United States District Court, C.D. Illinois, Springfield Division
SUE E. MYERSCOUGH, District Judge.
This matter is before the Court on Plaintiff Joe Hand Promotions, Inc.'s Motion for Default Judgment (d/e 18). For the reasons explained below, the Court awards the sum of $1, 000 in statutory damages, no enhanced damages, and $2, 278.50 in attorney's fees and costs. The Court therefore enters final judgment against Defendant Jettery Hibbard, individually and d/b/a Cedar Club, and in favor of Plaintiff in the total amount of $3, 278.50.
In September 2014, Plaintiff filed a Complaint in the Northern District of Illinois, Eastern Division, alleging that Defendant knowingly and willfully violated certain provisions of the Communications Act of 1934, as amended (47 U.S.C. § 605 et seq.) and the Cable and Television Consumer Protection and Competition Act of 1992, as amended (47 U.S. § 553 et seq.). Specifically, Plaintiff alleged that Defendant unlawfully intercepted and exhibited "Ultimate Fighting Championship 167: Georges St-Pierre v. Johny Hendricks" (the Program) on November 16, 2013.
Defendant was served on October 1, 2014. See Return of Service (d/e 5). On January 14, 2015, the Honorable Robert W. Gettleman of the United States District Court for the Northern District of Illinois entered an order of default against Defendant. Minute Entry (d/e 7). On March 16, 2015, the court found that venue was improper in the Northern District of Illinois and transferred the case to the Central District of Illinois, where all the events giving rise to the claim occurred. See Order (d/e 15).
Because Defendant failed to appear, the allegations of Plaintiff's complaint are deemed admitted. See O'Rourke v. Palisades Acquisition XVI, LLC, 635 F.3d 938, 940 (7th Cir. 2011). According to the allegations in the Complaint, Plaintiff is a commercial distributor of sporting events. Compl. ¶ 16. By contract, Plaintiff paid for and was granted the exclusive nationwide television distributions rights of the Program. Compl. ¶ 14. Plaintiff entered into subsequent sublicensing agreements with various commercial entities throughout North America, including within the State of Illinois. Plaintiff granted those entities limited sublicensing rights, specifically the rights to publicly exhibit the Program to patrons within their respective establishments. Id. ¶ 15.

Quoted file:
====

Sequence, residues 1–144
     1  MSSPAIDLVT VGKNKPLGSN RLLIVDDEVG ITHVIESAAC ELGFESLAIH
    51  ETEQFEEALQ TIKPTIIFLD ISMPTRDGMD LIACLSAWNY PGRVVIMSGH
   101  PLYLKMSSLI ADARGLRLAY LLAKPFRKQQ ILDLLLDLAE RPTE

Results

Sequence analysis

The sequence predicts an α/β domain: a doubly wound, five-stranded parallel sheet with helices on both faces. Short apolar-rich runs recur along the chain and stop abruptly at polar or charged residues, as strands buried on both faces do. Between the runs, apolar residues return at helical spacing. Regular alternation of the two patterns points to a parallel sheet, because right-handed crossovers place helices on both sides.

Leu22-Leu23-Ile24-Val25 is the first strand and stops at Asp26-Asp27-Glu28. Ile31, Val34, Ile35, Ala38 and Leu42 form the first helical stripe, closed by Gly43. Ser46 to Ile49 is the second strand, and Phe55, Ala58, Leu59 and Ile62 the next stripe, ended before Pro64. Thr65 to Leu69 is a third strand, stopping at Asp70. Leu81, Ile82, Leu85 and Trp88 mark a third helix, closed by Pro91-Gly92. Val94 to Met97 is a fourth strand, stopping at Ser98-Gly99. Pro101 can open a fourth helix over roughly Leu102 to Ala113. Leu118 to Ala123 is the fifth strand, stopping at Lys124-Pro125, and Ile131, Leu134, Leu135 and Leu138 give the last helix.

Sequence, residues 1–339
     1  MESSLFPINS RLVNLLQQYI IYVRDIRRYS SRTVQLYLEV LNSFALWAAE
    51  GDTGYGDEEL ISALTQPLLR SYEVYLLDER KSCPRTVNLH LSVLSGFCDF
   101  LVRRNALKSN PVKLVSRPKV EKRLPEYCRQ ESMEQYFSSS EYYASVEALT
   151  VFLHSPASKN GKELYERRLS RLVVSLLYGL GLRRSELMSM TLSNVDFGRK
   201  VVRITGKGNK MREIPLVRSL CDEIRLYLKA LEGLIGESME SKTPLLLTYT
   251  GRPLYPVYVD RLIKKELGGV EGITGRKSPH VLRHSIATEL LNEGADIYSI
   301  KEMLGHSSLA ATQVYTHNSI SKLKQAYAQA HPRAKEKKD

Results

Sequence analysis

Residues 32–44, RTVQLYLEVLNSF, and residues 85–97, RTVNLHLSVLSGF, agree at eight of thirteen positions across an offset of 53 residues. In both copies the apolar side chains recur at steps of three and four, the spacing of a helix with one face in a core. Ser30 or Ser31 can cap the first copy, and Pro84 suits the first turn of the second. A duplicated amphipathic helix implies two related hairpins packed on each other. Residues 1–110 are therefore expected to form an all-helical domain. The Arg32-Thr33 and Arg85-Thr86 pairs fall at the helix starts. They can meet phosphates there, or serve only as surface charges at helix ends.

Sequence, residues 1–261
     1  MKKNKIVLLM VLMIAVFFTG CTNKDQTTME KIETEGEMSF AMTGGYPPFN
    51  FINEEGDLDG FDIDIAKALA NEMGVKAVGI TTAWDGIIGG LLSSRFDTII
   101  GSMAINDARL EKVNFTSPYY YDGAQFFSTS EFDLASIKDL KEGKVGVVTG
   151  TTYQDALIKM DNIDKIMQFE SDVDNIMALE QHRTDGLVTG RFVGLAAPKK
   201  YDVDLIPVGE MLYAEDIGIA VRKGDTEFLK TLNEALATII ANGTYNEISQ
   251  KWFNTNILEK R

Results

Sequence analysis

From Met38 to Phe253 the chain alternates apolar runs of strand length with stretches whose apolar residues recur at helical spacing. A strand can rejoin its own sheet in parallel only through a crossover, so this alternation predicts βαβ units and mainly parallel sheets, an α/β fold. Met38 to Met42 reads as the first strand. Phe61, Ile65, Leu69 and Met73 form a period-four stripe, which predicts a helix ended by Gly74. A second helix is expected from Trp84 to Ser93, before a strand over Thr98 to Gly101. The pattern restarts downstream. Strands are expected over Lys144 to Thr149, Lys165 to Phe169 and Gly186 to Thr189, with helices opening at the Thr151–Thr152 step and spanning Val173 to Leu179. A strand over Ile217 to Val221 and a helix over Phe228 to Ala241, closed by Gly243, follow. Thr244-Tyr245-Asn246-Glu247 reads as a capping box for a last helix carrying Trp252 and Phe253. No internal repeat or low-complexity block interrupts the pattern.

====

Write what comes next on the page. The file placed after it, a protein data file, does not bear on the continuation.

Defendant is the owner, officer, director, shareholder, and/or principal of the Cedar Club in Quincy, Illinois. Compl. ¶ 8. Defendant was an individual with supervisory capacity and control over the activities occurring within the Cedar Club on November 16, 2013, and he received a financial benefit from the operation of the Cedar Club on November 16, 2013. Compl. ¶¶ 9, 10.
Defendant, with full knowledge that the Program was not to be intercepted and exhibited by entities unauthorized to do so, did unlawfully publish, divulge, and exhibit the Program at the Cedar Club. Compl. ¶ 17. Said unauthorized interception and exhibition was done willfully and for the purposes of direct or indirect commercial advantage or private financial gain. Id.
On August 13, 2015, Plaintiff filed a Motion for Default Judgment, which included a brief statement of the relevant law and supporting authorities upon which Plaintiff relies. Plaintiff supported the Motion with Affidavits and the Rate Card showing what Defendant would have had to pay had Defendant ordered the Program from Plaintiff. See Ex. B, C, D (d/e 18-2, 18-3, 18-4).